Giulianism and the GOP

Tom Edsall’s TNR cover piece on Rudy Giuliani is persuasive when it argues that Rudy could win the Republican nomination despite being pro-choice - and I’m not just saying that because Hizzoner cleaned up at the debate last night. It’s considerably less persuasive, on the other hand, when it suggests that “Giulianism,” at least in its current form, could remake the GOP in Rudy’s image. Not that there isn’t a potential Giuliani majority out there – obviously I think there is. But capturing it would involve a very different strategy from the one Rudy is pursuing so far. By Edsall’s own account, what Giuliani’s campaign offers at the moment is a mix of War-on-Terror maximalism, social liberalism and hard-line fiscal conservatism, a combination whose appeal seems distinctly limited when divorced from the appeal of Rudy Giuliani himself. If Rudy wins the nomination and the general election, it will most likely be in spite of this ideological cocktail, not because of it – he’ll win the primary because at least some pro-lifers and gun owners like him enough to overlook his stance on their litmus-test issues, and then he’ll win in November because at least some of the populist swing voters who decide general elections are sufficiently fond of him to overlook his apparent disinterest in their socioeconomic anxieties. It’s hard to see a politicians who’s so sui generis, and whose appeal is ultimately personal rather than political, affecting a sweeping ideological transformation of his party, or his country.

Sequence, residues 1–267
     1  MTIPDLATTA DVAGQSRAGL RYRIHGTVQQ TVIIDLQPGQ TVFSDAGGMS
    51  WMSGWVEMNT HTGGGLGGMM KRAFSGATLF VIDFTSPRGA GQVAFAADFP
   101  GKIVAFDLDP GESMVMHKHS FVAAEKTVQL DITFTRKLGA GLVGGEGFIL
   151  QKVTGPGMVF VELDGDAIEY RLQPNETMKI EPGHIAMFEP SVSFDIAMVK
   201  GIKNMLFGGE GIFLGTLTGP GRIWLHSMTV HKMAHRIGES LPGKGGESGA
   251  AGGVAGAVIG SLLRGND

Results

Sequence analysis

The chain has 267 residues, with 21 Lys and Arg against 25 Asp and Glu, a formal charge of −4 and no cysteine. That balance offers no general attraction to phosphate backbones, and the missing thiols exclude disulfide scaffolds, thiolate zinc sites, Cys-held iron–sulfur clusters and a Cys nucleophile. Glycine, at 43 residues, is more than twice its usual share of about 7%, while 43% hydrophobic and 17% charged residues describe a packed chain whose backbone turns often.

Though of course you never know.